The whole collection is engaging and picking favorite contributions is a difficult task. However, I found David Weinberger’s description of his college-age identity crisis, subsequent nihilism, and profound encounter with Martin Heidegger’s concept of “Dasein,” intriguing and not a little humorous. Weinberger’s view of life and language (and therefore media), as inherited from Heidegger’s philosophy, emphasizes the inherent shared nature of media. Cynthia Lewis’s chapter explores media literacy via the theory of Mikhail Bakhtin and provides another example of the shared nature of media and how, as Bakhtin emphasized, “the word in language is half someone else’s” (78). Lewis succinctly summarizes Bakhtin’s view of language as “foundationally dialogic, intertextual, and heteroglossic” (78). Lewis also relates how her familial connection to Rabbinic Judaism’s love of dialogue, her suspicion of authority and institutions, her research interest in discourse analysis, and her role as a teacher of workshops on critical literacy brought her to love Bakhtin’s view of language as infinitely nuanced and beautifully complicated.
Although previously familiar with Heidegger and Bakhtin, the work of Jerome Brunner, a cognitive psychologist, and scholar, was completely unknown to me when I picked up this book. In Hobbs’s chapter, she relives the three times she encountered Bruner’s work: as a child, in graduate school, and when she actually met Bruner - and how this fortuitous encounter led her to create this book. I am personally enamored with the role that narrative plays in personal and communal lives so Hobbs’s synthesis of Bruner’s view of people’s personal life stories as constructed, culturally shaped “variations on the culture’s canonical forms and stories” speaks to me (192). As I experienced, Hobbs’s collection about media literacy performs the function of media literacy as it explains the higher functions of media literacy.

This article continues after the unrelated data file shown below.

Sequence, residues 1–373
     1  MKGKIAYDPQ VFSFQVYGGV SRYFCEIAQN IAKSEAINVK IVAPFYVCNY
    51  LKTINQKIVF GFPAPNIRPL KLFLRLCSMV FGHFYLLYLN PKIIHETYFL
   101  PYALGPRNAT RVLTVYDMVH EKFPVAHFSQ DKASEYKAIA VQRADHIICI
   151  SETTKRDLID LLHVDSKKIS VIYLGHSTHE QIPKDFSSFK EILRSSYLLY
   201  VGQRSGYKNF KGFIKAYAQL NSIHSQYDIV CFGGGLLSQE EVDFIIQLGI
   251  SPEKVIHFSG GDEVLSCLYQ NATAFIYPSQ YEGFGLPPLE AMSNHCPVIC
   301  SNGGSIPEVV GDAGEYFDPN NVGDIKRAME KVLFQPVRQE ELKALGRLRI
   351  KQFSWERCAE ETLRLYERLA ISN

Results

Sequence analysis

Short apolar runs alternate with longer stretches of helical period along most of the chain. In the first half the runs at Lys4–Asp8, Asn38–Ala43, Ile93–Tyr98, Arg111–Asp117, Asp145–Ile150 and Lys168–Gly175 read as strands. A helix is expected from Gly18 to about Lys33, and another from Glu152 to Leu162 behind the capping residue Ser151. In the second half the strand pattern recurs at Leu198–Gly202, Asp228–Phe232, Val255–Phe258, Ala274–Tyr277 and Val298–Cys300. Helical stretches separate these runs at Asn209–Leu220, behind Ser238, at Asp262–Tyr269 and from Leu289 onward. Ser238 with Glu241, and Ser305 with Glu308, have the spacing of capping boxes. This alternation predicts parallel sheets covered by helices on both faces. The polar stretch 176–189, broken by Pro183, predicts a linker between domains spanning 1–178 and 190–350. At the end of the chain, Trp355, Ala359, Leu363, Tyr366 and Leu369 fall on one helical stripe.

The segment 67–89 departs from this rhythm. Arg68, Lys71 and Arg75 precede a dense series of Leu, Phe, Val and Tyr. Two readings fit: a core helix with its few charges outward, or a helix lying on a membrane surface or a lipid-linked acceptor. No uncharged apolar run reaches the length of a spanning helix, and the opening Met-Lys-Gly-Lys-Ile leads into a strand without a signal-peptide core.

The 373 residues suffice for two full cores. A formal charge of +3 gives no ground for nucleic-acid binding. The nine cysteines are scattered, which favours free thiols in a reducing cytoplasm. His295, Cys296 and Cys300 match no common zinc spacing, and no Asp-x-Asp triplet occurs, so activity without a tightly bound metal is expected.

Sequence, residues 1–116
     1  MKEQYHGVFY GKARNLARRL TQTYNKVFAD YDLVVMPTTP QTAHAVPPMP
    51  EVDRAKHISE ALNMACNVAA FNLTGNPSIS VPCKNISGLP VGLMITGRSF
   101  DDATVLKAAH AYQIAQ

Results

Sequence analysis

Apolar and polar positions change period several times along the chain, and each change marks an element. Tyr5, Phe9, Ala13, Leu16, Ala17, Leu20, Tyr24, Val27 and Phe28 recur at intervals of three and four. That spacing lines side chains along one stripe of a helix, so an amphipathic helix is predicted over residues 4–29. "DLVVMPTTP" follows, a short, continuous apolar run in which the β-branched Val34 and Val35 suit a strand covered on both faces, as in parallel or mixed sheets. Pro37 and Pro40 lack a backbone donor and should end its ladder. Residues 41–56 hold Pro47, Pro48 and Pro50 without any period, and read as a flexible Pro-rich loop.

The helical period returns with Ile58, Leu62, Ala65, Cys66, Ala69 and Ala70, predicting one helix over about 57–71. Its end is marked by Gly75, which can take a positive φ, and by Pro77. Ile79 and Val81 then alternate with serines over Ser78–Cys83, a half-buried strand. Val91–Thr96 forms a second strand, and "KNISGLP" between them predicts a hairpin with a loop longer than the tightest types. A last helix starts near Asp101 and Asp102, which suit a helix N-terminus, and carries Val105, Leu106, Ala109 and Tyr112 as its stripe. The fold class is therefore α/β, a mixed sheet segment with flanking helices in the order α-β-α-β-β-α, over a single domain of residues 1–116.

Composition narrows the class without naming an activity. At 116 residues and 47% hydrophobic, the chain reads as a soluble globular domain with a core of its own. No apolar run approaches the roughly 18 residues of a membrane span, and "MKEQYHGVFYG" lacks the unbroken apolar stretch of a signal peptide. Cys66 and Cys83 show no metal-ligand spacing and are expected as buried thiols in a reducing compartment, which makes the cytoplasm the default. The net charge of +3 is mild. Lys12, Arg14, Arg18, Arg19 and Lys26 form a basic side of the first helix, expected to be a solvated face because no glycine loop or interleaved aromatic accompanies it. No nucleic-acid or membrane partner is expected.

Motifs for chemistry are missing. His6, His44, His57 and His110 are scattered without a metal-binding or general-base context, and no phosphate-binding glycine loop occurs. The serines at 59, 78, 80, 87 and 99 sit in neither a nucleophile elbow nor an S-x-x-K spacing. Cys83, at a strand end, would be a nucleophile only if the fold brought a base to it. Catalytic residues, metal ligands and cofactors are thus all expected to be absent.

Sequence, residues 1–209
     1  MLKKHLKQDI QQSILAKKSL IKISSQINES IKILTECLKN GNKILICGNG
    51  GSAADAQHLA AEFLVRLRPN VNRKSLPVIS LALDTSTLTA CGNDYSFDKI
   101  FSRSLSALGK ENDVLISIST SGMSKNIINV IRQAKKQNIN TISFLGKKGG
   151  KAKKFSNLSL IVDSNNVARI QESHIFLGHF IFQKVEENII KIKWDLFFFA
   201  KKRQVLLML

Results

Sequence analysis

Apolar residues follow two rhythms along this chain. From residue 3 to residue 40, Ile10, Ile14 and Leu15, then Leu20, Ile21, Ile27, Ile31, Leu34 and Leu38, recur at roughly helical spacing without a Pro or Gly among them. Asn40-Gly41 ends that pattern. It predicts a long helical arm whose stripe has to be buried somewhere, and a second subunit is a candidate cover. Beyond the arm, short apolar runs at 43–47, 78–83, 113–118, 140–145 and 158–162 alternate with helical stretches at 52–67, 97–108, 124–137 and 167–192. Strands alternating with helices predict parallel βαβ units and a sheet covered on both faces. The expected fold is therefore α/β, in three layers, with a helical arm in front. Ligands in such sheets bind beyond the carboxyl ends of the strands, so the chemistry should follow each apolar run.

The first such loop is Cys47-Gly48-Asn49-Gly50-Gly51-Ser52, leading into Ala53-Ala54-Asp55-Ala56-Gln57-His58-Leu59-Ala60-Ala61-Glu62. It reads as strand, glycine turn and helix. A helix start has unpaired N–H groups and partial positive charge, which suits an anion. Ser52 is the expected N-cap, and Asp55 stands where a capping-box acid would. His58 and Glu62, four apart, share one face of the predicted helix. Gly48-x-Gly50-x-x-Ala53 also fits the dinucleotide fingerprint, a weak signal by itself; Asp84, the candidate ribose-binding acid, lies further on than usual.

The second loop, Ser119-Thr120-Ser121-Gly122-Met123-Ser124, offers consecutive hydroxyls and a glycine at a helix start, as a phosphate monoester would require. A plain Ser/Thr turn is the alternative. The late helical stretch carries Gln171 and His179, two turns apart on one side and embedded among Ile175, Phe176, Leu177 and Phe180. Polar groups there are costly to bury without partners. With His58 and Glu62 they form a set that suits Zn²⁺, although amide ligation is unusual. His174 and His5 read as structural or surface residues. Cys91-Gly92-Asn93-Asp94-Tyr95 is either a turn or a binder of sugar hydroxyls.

I highly recommend this collection for anyone interested in the reflexive relationship between scholarship and the personal (faculty, administrators, graduate students, academic advisors, and lay people alike). Although not a primer text on theory, this collection, by utilizing the lens of personal experience, makes an engaging text for those with even a moderate interest in theory and literacy.
Using Evidence of Student Learning to Improve Higher Education
Date Reviewed: September 16, 2015
Increasing skepticism regarding the value of traditional grading, mounting student debt, and low degree completion rates has led to escalating pressure on North American universities to provide evidence of assessment of student learning. Beyond standard letter grades, it is claimed, there are methods that can provide tangible proof that students are – or are not – learning (Astin, “The Promise and Peril of Outcomes Assessment,” The Chronicle of Higher Education). Ideally this information assists universities in shaping the “new normal” of higher education (2). This new normal, the authors argue, often imposes assessment from above; as a result, many university faculty are either apart from assessment-measuring or are excluded from the conversation regarding why additional assessment measures might be needed and how to use the information once it is gained. This latter point is the focus of this collection of essays, Using Evidence of Student Learning to Improve Higher Education. Written with various assessors in mind – from faculty to governing boards (12-17) – the essays are all rooted in the authors’ collective desire to make assessments consequential (20); only by putting assessment data to work for the institution will the data be made meaningful.